How is sleep disrupted by untreated depression?

One of the most telling symptoms of clinical depression is a change in sleep patterns. Though the most common problem is insomnia (difficulty getting adequate sleep), people sometimes feel an increased need for sleep and experience excessive energy loss. Lack of sleep can cause some of the same symptoms as depression -- extreme tiredness, loss of energy, and difficulty concentrating or making decisions.

In addition, untreated depression may result in weight gain or loss, feelings of hopelessness and helplessness, and irritability. Treating the depression helps the person get control over all of these depression symptoms.

What are common signs of insomnia with untreated depression?

Common signs of insomnia include:

Daytime fatigue
Irritability and difficulty concentrating
Sleep that never feels like "enough"
Trouble falling asleep
Trouble going back to sleep after waking up during the night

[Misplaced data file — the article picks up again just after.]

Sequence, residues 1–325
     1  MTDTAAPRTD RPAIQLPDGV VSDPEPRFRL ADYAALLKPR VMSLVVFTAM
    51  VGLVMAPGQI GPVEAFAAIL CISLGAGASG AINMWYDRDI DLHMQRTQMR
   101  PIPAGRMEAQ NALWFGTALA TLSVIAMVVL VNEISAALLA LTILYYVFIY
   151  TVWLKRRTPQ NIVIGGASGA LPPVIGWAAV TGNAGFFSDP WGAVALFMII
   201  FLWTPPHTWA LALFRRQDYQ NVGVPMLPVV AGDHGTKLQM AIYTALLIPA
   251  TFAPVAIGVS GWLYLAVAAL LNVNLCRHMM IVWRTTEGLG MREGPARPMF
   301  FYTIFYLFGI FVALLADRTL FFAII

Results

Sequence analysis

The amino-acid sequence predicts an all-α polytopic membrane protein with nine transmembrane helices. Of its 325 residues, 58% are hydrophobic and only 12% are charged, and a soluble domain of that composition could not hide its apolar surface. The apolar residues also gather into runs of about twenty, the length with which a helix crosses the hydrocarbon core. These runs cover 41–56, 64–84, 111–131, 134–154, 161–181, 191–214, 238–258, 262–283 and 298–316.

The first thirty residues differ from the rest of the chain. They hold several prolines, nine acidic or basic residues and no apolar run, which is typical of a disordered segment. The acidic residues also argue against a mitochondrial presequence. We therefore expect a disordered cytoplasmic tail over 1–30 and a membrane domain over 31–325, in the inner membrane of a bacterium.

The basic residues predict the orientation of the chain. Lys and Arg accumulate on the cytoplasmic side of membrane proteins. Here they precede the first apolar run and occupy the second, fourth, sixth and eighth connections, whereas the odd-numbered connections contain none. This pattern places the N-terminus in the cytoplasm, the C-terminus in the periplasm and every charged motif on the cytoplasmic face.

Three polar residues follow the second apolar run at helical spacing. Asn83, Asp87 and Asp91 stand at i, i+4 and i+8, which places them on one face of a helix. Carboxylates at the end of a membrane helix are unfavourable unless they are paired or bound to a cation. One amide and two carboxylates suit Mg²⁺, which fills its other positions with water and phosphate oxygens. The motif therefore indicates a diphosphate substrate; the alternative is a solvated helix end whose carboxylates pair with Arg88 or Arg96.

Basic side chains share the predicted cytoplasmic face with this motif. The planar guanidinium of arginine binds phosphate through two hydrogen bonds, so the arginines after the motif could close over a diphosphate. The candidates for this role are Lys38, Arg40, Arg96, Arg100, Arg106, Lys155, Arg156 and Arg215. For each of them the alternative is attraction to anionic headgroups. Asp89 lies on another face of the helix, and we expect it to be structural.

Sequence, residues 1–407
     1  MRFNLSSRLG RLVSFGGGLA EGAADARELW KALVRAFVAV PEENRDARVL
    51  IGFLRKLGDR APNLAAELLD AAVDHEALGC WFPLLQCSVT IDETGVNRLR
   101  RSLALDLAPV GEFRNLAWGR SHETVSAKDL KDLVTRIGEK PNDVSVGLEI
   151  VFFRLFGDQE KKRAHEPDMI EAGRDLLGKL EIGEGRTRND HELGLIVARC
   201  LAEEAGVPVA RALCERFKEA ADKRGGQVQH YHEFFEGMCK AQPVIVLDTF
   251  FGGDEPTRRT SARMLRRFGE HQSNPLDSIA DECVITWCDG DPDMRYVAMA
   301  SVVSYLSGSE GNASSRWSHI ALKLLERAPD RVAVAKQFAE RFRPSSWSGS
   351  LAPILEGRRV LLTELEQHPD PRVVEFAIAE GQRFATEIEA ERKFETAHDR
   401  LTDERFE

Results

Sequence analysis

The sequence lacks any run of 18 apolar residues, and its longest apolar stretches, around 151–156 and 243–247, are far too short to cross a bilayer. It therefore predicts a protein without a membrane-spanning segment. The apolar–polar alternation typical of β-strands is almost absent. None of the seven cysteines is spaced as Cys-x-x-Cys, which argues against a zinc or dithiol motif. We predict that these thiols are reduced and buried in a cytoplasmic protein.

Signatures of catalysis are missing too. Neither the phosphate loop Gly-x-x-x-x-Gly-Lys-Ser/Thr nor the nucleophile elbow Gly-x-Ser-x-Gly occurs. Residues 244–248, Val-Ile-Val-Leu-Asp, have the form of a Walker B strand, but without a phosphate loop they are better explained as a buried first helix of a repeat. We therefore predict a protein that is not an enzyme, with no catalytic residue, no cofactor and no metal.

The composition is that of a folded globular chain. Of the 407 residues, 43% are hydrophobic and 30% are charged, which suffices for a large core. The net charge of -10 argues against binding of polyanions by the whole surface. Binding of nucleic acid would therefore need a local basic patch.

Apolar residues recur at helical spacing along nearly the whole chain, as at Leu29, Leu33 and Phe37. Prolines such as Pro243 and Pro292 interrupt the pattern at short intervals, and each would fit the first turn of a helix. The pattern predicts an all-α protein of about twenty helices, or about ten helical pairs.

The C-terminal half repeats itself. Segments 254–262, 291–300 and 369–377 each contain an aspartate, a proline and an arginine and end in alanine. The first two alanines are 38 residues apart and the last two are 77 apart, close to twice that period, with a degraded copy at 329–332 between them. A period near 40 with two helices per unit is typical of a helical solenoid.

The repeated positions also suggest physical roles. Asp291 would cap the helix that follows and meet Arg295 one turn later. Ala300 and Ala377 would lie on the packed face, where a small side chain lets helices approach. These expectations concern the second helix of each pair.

Waking up at all hours of the night
Waking up before the alarm clock goes off
 

spr1975wshs

Mostly settled in...
PREMO Member
A trigger for depression can be a traumatic injury to the body, such as the abdominal surgery I had for pancreatic cancer.

The abdomen has as many neurons as the brain and the Whipple procedure has been characterized to me as similar to a traumatic brain injury in its effect on the nervous system.

I've been treated in the past for clinical depression, so I watch for the signs and know I've been mildly depressed.
I cope better than some, mainly because I quite boozing when I felt something was going wrong with my body in March 2015.
Alcohol is a depressant drug and only made things worse in the past.

Part of what helps me is being able to work part time, gets me out of the house and around other people.
Another part is knowing I am very fortunate in my early diagnosis, treatment, and the way I have healed.
 

MADPEBS1

Man, I'm still here !!!
A trigger for depression can be a traumatic injury to the body, such as the abdominal surgery I had for pancreatic cancer.

The abdomen has as many neurons as the brain and the Whipple procedure has been characterized to me as similar to a traumatic brain injury in its effect on the nervous system.

I've been treated in the past for clinical depression, so I watch for the signs and know I've been mildly depressed.
I cope better than some, mainly because I quite boozing when I felt something was going wrong with my body in March 2015.
Alcohol is a depressant drug and only made things worse in the past.